at the corner of Rama and Sardis Roads.
During the meetings, students will be involved in problem-solving
sessions and other interesting math-related activities. The MMC
participates in the Math Olympiad for
Elementary Schools during part of their meeting from November through March.
For more information about the Mecklenburg Math Club, contact
Mu Alpha Theta
The national mathematics club for high school students.
NRICH Online Maths Club
This is a British site, with a newsletter, games, problems to solve, and other activities.
Mathematics programs for
high school students
UNCC High School Escrow Program
Charlotte area students who are gifted in math, computers, or other areas
and who would like to take college courses as a supplement to their high
school education can do so at UNCC as
long as they can handle the level of work required--no minimum
age limit. At UNCC, the program is called the "High School Escrow
Program"; contact the Admissions Office for more information. For students
who live outside the Charlotte area, more information can be had from your
local college or university, your high school guidance counselor, or the
local chapter of the National Council of
Teachers of Mathematics(NCTM).
Summer Ventures in Science and Mathematics (SVSM) is a cost-free,
state-funded program for academically talented students who may pursue careers
based in science and mathematics. The program brings rising juniors and seniors
together in residential settings for four weeks of intensive study.
See their website
for information and application materials.
The application deadline for summer 2005 is
January 31, 2005. (The application includes a teacher recommendation;
be sure to give your teacher time to write this!)
There are many other summer programs in math for students in grades 9-12, some in
our area and others at various sites around the country. Some are free,
others charge varying amounts of tuition but most of these have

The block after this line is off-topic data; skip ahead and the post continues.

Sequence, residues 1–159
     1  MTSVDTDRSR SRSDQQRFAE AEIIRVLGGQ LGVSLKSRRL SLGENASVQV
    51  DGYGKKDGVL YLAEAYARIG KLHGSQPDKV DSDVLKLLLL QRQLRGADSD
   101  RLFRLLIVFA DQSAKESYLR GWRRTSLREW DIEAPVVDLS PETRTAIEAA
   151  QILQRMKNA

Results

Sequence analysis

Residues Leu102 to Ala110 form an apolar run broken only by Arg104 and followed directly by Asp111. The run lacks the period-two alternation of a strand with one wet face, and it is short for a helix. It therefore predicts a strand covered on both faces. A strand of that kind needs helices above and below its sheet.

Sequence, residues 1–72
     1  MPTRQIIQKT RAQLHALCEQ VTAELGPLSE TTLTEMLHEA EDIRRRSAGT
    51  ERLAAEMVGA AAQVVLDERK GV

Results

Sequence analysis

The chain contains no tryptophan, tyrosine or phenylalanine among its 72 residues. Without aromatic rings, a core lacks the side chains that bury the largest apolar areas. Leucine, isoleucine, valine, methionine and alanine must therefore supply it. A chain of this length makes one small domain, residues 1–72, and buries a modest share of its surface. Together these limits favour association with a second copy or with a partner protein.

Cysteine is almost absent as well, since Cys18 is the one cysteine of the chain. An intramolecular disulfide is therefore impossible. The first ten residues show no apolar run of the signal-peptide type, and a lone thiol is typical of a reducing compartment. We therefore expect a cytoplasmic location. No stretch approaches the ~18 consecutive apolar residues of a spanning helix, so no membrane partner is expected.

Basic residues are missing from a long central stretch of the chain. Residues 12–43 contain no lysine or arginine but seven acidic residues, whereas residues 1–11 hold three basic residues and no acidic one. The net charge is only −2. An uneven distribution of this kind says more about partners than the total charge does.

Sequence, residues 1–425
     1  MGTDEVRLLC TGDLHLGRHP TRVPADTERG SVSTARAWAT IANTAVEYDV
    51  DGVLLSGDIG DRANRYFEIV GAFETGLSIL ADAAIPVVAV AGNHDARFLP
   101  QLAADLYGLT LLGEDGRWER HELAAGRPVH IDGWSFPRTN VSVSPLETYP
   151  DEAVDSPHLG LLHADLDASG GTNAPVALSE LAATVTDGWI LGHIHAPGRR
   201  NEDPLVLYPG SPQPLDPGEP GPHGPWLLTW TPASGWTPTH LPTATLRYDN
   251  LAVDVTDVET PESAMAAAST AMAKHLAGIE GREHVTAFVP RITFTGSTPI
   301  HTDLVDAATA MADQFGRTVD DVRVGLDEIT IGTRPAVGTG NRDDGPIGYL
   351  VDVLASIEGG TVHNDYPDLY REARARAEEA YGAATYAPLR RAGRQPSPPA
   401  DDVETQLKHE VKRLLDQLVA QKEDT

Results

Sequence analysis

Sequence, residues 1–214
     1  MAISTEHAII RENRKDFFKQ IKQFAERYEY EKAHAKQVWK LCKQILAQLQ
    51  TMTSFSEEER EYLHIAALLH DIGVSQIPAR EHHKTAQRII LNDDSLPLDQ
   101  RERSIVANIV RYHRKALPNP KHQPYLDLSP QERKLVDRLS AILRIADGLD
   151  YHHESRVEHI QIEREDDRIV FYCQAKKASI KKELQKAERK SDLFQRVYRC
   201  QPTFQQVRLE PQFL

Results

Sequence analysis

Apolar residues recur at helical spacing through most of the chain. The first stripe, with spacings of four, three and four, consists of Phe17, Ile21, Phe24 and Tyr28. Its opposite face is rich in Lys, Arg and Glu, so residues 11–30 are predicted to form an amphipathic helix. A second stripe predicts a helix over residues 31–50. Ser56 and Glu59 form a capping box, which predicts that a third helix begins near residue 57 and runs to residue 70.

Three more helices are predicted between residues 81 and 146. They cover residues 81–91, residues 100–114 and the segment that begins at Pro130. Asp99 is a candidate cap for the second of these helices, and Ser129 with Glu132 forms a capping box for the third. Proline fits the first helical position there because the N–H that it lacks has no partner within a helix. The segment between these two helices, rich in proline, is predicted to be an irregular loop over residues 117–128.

some scholarships available. See
Harold Reiter'sSummer Opportunities Page,
and the Summer Opportunities for Pre-College Students
Summer Math Camps and Programs for High School Students,
sponsored by the American Mathematical Society, for more information.
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A Footnote about Math Clubs
by Susan Schaeffer
Math competitions and math clubs are not for every student,
but for many they are a way of learning a more interesting kind of math
than is encountered in the normal curriculum and textbook, and a
way of meeting other students who have an enthusiasm for mathematics.
Many times, becoming involved in some of the activities listed here has
brought about a change in attitude and a new appreciation for math
and for learning that the student perhaps did not have before.
Also, involvement in these activities can bring real talent to light,
and be a way for a bright student to connect with people
and programs that can be of great value in helping the student choose
a direction for the future, in terms of career, college, etc.
I highly recommend that students who are interested in mathematics
and have a solid foundation in the subject take advantage of the
opportunities I've listed.
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We need your input!!
This guide is, as we noted, incomplete. In order to make it more useful
for our visitors, we need input from you!
Send your suggestions for improvements/corrections/additions to this
resource list to
Susan Schaeffer. Thanks!
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(last update: 23 January 2005)